More Resources Needed for Neighbourhood Policing

18 February 2016

Officer helping membre of the public with their shopping

More resources are needed to protect neighbourhood policing, says the Police Federation of England and Wales.

Her Majesty's Inspectorate of Constabulary (HMIC) has released the PEEL: Police effectiveness 2015 report, which graded every police force on its overall effectiveness in reducing crime and keeping people safe.

Will Riches, Vice Chair of the Police Federation, said in response to the report's findings: “We are glad that HMIC has recognised that neighbourhood policing is the cornerstone of crime prevention, given that this is something that the Federation and its members on the frontline have been saying for years.

“Neighbourhood policing has never been under so much threat, at a time when it is most needed. Neighbourhood policing is a new term for what we have always done, which is building trust and relationships with the community in order to succeed in tackling crime. It enables officers to serve the public, remain vigilant to threats and gain crucial intelligence, whether that be used in the fight against terror or child sexual exploitation.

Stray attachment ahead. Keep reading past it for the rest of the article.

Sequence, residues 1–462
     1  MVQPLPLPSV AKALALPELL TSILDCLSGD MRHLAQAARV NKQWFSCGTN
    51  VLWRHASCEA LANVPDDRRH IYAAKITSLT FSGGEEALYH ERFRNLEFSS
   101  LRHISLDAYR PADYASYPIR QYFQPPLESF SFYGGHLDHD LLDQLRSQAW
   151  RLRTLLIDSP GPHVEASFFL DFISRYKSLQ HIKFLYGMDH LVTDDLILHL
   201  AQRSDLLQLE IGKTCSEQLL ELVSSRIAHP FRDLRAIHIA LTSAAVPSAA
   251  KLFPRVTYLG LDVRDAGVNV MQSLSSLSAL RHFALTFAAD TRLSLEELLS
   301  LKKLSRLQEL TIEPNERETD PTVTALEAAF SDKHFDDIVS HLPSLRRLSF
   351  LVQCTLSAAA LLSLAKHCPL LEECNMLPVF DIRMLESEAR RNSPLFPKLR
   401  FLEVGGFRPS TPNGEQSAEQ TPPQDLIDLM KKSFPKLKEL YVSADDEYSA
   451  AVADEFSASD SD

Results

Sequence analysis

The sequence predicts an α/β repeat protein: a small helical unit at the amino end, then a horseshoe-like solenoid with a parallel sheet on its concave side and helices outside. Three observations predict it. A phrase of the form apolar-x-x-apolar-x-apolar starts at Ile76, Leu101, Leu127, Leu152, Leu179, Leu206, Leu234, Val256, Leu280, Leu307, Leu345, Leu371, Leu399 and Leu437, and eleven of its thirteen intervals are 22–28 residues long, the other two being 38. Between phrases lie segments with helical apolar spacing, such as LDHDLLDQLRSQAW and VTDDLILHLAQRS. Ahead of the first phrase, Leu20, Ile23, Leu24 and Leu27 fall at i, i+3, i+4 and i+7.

Will Riches said: “Although Government promised to impose no further cuts in the Comprehensive Spending Review last November, following a long campaign by the Federation, what this report does not acknowledge is the cuts that have already had to be made during a climate of austerity, and the ones still in the pipeline this year. Unfortunately, all too often neighbourhood policing has been the casualty as valuable resources are diverted into other areas of work.

“We also note that HMIC has called for improvement in tackling 'so-called newer areas of crime, such as child sexual exploitation and cyber-crime’. Certainly, investigating child sexual exploitation relies heavily on obtaining information from communities and local professionals, and cyber-crime is soaring to previously unimaginable levels. These resources are going to have to come from somewhere – they cannot be culled from existing frontline neighbourhood policing, which is already being severely stretched.”

 

The report can be found on the  HMIC website